*1 BIM: Abbreviation for Building Information Modeling. BIM is a three-dimensional architectural model created on a computer that reflects attribute data such as finishes, costs, and management information.
*2 VR: You can walk around and experience a simulated 3D model of the completed building.

  • Cases using VR
  • Design cases using BIM
Read more

Promoting communication among staff

When designing, we also focus on encouraging staff to communicate. We encourage interaction with staff from different professions and promote interprofessional collaboration. To this end, staff commons (bases for interaction, breaks, and conferences) will be created in key locations such as outpatient clinics and hospital wards to improve staff amenities and create a Magnet Hospital*4 that also considers well-being*3.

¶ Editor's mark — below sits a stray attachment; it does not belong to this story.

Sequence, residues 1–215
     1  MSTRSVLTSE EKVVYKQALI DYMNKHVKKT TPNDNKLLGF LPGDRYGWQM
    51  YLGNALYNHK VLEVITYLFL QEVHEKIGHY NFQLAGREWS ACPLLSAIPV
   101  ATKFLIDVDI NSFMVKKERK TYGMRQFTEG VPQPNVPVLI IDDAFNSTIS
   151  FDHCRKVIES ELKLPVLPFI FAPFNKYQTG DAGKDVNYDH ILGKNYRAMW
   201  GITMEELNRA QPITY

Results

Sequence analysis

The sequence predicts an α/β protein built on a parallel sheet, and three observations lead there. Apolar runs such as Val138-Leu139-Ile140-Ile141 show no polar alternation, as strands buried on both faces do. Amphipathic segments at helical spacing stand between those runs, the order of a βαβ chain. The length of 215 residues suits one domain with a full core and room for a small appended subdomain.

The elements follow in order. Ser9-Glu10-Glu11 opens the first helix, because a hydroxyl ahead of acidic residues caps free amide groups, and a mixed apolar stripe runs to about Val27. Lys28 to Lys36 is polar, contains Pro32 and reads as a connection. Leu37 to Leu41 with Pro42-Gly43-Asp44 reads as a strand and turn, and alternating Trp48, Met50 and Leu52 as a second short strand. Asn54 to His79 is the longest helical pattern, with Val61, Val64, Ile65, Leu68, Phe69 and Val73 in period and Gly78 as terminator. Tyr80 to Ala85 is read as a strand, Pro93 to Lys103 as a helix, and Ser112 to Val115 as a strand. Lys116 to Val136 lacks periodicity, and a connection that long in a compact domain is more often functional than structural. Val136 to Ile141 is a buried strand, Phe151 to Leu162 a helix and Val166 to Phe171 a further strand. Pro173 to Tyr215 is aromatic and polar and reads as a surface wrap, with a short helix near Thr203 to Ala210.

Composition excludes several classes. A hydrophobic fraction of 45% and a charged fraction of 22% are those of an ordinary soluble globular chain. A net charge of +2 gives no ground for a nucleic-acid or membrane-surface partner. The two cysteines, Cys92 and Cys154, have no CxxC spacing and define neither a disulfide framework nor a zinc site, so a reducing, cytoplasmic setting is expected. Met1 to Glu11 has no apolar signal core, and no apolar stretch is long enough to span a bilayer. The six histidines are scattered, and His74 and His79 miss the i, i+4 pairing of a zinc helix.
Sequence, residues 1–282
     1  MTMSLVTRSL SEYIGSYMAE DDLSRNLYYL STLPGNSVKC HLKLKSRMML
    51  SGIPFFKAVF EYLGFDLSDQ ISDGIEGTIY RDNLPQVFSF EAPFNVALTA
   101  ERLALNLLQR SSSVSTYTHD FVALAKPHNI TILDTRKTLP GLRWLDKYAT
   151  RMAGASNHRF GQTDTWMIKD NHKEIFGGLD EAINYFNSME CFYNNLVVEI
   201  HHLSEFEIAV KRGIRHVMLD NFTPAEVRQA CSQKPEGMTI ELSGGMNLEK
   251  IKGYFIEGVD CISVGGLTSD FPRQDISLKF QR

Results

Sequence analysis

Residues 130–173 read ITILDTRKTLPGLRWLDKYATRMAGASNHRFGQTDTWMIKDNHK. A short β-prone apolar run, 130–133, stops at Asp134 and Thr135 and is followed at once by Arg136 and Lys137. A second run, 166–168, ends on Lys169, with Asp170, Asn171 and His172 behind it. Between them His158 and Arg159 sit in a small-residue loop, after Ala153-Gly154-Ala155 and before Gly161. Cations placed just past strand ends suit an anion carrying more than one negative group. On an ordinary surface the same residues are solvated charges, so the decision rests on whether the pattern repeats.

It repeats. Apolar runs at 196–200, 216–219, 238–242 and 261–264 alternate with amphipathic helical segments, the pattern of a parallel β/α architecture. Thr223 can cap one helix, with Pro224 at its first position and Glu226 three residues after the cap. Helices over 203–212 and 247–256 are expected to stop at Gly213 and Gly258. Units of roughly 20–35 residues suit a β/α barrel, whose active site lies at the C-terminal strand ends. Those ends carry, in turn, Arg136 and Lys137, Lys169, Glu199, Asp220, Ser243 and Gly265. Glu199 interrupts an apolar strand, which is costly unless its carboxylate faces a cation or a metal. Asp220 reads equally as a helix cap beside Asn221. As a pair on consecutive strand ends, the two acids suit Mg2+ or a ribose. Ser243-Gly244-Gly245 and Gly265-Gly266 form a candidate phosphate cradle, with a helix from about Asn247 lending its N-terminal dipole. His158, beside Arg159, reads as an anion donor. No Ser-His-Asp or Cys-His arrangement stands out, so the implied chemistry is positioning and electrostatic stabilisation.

*3 It means not only good physical health, but also a state of well-being "in which everything is fulfilled physically, mentally, and socially."
*4 An attractive hospital where nurses feel fulfilled in their work and where nurses are attracted and retained.

  • Staff lounge of Japanese Red Cross Koga Hospital
  • Japanese Red Cross Koga Hospital

2. Environment x Medical and Welfare

Hospital buildings consume a lot of energy 24 hours a day, 365 days a year, and have a particularly large impact on the environment, so they must have functions that take the global environment into consideration. We propose hospitals that reduce life-cycle costs through the efficient use of energy and natural energy using our "environmental integration technology "*5, which also enables them to obtain ZEB certification*6 and LEED certification*7.